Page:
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Devices and structures

Devices and structures

Negative capacitance could make transistors more energy efficient

29 Apr 2022
Negative capacitance transistor illustration
Energy saving: artist’s impression of the gate material with negative capacitance. (Courtesy: Ella Maru Studio)

By exploiting a curious effect called negative capacitance, researchers have designed a transistor that requires a gate voltage about 30% lower than conventional designs. Led by Sayeef Salahuddin at the University of California, Berkeley, the team based their design around an ultrathin superlattice heterostructure, containing alternating layers of ferroelectric and antiferroelectric materials. The team says that its superlattice could be easily integrated into existing transistor designs, reducing their energy requirements.

As modern computers grow ever more powerful, the energy they consume is also growing with seemingly no end in sight. Slowing this trend will require fundamental changes to traditional transistor designs.

Metal-oxide-semiconductor field-effect transistors (MOSFETs) are ubiquitous in computers and other electronics. They comprise a silicon semiconductor channel through which current can flow between two electrodes. The current flows past a third electrode called the gate, which is separated from the semiconductor channel by an insulating oxide layer. The gate electrode acts like one plate of a capacitor and by varying the voltage applied to the gate, the electronic properties of the silicon can be adjusted. The result is that the current flowing through the channel can be switched on and off.

Opposite effect

In their study, Salahuddin’s team sought to improve this design by exploiting negative capacitance. This an effect that Salahuddin first predicted in 2008 and demonstrated experimentally in 2011. It occurs when a decrease in the voltage across a capacitor results in an increase in the charge stored in the device – the opposite of what happens in conventional capacitors.

Negative capacitance arises in ferroelectric materials, whose spontaneous electric polarization can be reoriented with the application of an external electric field. To create negative capacitance, an insulating dielectric material is paired with a ferroelectric material – significantly amplifying the amount of charge that accumulates in a ferroelectric material at a given voltage.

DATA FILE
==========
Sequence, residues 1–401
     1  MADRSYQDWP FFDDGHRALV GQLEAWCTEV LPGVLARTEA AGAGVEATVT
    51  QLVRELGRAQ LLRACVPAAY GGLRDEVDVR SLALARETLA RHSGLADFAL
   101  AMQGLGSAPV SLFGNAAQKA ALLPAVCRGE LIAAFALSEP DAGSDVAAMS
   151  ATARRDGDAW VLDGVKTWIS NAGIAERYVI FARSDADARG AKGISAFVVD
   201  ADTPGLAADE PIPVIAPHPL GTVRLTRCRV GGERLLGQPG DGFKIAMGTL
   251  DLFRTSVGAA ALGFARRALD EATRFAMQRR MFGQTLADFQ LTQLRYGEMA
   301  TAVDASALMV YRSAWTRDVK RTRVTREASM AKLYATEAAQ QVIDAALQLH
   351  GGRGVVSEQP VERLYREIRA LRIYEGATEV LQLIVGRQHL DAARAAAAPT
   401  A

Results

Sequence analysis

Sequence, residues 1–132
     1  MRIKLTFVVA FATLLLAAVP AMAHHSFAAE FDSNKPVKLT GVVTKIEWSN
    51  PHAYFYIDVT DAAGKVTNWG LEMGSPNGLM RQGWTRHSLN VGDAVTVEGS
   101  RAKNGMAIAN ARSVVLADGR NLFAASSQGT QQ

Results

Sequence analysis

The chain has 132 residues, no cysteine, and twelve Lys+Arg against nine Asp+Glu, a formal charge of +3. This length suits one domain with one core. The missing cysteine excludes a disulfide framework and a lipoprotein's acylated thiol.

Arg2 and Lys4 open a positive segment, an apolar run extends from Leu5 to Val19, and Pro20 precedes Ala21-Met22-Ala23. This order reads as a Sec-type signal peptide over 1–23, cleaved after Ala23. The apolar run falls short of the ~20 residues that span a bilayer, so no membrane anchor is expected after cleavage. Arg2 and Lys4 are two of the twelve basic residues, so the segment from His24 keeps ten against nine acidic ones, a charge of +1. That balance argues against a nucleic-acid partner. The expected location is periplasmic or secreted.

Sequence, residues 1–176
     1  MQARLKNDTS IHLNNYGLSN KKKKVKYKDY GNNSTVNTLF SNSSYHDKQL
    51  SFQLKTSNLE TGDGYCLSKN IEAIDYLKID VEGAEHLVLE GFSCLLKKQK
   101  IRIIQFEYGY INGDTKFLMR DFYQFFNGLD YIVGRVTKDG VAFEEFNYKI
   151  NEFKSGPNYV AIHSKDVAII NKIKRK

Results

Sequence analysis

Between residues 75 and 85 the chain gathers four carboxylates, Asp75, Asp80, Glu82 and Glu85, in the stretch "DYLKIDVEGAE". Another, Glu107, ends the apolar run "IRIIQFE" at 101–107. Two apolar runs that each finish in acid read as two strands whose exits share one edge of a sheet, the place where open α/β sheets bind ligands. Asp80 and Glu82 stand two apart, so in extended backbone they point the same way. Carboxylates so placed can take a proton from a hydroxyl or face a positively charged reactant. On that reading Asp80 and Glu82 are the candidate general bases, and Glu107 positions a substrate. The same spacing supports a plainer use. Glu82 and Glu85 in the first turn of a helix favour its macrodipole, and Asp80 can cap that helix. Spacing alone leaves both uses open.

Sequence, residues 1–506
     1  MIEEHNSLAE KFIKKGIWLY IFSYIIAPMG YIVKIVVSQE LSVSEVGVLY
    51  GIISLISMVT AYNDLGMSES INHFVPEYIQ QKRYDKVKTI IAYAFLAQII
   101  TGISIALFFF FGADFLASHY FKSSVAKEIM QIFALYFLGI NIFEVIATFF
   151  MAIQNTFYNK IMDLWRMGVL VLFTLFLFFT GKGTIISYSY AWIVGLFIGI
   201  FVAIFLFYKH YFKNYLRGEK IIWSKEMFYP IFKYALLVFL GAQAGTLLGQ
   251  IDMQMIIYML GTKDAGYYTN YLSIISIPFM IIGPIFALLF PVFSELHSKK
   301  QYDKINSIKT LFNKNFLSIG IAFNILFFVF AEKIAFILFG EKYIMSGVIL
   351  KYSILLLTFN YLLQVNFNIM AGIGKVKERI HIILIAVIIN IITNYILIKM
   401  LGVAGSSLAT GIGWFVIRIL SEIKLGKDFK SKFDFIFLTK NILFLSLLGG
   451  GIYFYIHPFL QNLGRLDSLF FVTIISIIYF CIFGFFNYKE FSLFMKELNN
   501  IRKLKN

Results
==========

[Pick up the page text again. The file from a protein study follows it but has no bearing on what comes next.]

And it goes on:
Salahuddin and colleagues have now demonstrated the effect in a new, ultra-thin superlattice material. It comprises alternating, atom-thick layers of the strongly dielectric, ferroelectric material, hafnium dioxide and the antiferroelectric compound zirconium dioxide – which displays zero spontaneous polarization.

Performance matching

To test their material’s capabilities, the researchers deposited a film of the superlattice just 2 nm thick onto a thin glass layer – separating from it from a silicon layer. In the resulting MOSFET, the team found that the gate voltage could be reduced by about 30%, which reduces the energy consumption of the device. The resulting device was able to match the performance of existing transistor designs.

Since hafnium dioxide is already widely used in combination with silicon dioxide to form the insulating layers in MOSFETs, this design is highly compatible with existing manufacturing processes. As a result, Salahuddin and colleagues hope that their material could substantially reduce the amount of energy consumed by modern computers, without sacrificing their speed, performance, or small size.

The research is described in Nature.

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